Large ungulates can help restore the carnivore population in the Southern Myanmar reserve

Environment | Forests

By Rose Meadows, Freelance Writer

Published November 17th, 2023

A recent study on the status of the biodiversity of forests in southern Myanmar found that large carnivores, tigers, leopards and dholes, as well as their major prey species, are under threat. Industrial crops have fragmented forestry. The solution to maintaining land interconnectedness has not been possible due to a lack of government policies, difficulties to draw borders and disagreements between authorities and local communities.

Southern Myanmar has suffered from a decline in biodiversity like much of the globe. The effect of anthropogenic pressures is threatening this once richly diverse landscape. Unfortunately, declines in biodiversity are higher in South East Asia in the tropical regions.

Southeast Asia has the highest deforestation rate ever recorded, although Myanmar retains some of the largest forest patches in the region. | Sébastien Goldberg / Unsplash

The Lenya reserved forest is part of the Tanintharyi region, making this one of the largest continuous forests in South East Asia. Despite protections since 2004, failures of management and implementation meant it was eventually dropped in 2019.

A recent study looks directly at the Tiger (Panthera tigris) which has joined the ICUN red list as a result of poaching and prey loss, Leopards (Panthera pardus) that now only remain in two landscapes within Myanmar and the Dhole (Cuon alpinus) whose distribution is unclear.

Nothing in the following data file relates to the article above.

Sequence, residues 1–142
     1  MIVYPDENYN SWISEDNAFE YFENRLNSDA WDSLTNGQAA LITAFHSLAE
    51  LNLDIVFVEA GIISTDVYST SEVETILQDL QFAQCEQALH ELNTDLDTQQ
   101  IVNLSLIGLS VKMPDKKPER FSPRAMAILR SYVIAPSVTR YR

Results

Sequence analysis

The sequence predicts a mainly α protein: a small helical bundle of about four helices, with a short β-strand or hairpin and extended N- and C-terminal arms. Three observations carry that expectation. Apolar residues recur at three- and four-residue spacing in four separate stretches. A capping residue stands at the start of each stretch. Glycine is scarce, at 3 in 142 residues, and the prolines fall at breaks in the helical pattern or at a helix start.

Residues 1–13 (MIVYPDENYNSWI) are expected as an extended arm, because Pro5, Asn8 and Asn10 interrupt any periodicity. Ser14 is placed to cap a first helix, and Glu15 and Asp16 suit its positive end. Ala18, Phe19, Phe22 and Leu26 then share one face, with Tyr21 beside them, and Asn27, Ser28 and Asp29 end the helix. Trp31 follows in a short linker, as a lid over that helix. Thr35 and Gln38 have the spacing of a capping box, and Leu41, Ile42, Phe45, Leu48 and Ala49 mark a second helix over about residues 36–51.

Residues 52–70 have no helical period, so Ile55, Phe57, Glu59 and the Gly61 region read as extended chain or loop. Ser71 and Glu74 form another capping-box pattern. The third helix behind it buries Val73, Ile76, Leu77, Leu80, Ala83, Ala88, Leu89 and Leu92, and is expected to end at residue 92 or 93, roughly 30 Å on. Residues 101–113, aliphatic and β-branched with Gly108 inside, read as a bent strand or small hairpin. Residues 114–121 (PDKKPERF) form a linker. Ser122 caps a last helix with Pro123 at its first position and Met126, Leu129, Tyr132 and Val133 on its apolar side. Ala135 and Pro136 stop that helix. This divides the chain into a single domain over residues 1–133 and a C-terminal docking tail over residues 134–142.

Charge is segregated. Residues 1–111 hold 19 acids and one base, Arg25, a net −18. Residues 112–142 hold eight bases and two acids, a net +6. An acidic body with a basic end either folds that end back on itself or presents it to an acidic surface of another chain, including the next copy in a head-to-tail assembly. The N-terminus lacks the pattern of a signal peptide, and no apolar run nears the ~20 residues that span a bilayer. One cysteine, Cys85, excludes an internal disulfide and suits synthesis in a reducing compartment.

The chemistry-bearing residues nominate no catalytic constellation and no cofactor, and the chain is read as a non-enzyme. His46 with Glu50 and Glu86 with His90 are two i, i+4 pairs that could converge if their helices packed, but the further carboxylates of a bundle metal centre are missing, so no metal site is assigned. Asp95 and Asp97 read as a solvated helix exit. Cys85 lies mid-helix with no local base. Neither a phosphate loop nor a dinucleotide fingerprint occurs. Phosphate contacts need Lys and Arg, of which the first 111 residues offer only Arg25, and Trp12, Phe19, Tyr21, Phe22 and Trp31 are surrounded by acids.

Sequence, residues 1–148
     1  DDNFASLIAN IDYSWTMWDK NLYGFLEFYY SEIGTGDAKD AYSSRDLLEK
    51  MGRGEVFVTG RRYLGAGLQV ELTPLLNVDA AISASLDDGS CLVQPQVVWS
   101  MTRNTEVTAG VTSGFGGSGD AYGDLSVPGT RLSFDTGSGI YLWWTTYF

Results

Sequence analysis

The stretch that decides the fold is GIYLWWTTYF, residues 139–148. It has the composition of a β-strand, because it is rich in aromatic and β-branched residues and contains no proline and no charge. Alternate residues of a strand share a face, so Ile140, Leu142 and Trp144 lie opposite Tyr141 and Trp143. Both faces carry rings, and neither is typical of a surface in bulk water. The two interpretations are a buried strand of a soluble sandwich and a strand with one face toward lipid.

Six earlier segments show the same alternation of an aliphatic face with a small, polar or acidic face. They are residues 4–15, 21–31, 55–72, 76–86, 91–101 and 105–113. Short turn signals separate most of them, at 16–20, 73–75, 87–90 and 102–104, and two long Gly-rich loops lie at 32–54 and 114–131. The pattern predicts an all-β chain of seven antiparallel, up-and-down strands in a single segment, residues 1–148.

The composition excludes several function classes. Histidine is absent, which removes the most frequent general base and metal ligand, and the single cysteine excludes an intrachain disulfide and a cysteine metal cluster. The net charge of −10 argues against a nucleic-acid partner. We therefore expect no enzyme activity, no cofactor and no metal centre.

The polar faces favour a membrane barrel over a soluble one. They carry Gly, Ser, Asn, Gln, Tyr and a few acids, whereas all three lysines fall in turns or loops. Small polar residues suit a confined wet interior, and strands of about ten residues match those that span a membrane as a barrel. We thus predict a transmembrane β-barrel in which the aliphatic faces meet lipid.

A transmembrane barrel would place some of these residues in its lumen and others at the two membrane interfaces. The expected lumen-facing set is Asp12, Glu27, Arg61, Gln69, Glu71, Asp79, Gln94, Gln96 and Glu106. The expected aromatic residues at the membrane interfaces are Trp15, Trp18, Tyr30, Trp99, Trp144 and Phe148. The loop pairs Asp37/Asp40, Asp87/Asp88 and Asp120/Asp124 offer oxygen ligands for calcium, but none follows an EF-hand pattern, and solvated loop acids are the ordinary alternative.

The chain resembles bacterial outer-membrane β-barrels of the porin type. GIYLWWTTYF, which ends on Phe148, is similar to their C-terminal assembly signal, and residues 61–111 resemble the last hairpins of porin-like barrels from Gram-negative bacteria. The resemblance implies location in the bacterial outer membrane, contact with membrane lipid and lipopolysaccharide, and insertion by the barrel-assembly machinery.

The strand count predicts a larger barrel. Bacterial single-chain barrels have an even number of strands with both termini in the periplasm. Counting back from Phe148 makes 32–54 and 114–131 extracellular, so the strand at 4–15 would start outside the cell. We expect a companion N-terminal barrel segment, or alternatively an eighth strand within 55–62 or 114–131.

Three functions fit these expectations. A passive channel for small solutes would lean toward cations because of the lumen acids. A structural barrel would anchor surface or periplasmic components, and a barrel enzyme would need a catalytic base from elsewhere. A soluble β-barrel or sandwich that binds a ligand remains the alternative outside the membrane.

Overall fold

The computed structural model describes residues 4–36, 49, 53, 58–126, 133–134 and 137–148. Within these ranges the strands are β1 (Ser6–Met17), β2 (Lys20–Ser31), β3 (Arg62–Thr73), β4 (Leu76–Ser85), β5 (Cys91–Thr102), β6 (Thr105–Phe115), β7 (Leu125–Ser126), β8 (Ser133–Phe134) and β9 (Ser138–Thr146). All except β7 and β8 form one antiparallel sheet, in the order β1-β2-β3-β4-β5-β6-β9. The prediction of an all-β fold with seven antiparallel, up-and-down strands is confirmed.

These large carnivores are incredibly important as they are usually indicators of ecosystem health, suggesting their prey and the food of their prey are numerous enough to support the wider ecosystem needs. Any removal or addition of top predators can propagate down food webs causing patterns of abundance or decline of the biomass among the next trophic level (Mulder et al., 2012).

‘A recent study looks directly at the Tiger (Panthera tigris) which has joined the ICUN red list as a result of poaching and prey loss.’

The predominate prey of these large Carnivores includes the wild pig (Sus scrofa), Muntjac (Muntiacus spp.), Sambar (Rusa unicolor), Gaur (Bos gaurus) and the Banteng (Bos javanicus).

Using infrared camera trap data that spanned a period from 2016 to 2018, they counted the occurrence of large predators and prey to better understand factors such as human disturbance, landscape variability and prey distribution.

The results found tigers are more abundant with an increase in their key prey Gaur and areas furthest from villages. Leopards have little influence on prey distribution, possibly due to their broad diet of arboreal primates, which the study did not account for.

Both predators were positively associated with dense forest areas, possibly due to the higher mammal communities in these primary forests.

Tigers have been detected only within Lenya Reserve Forest and were positively associated with the presence of gaur and with increasing distance to the nearest village | Lakshmi Narasimha / Unsplash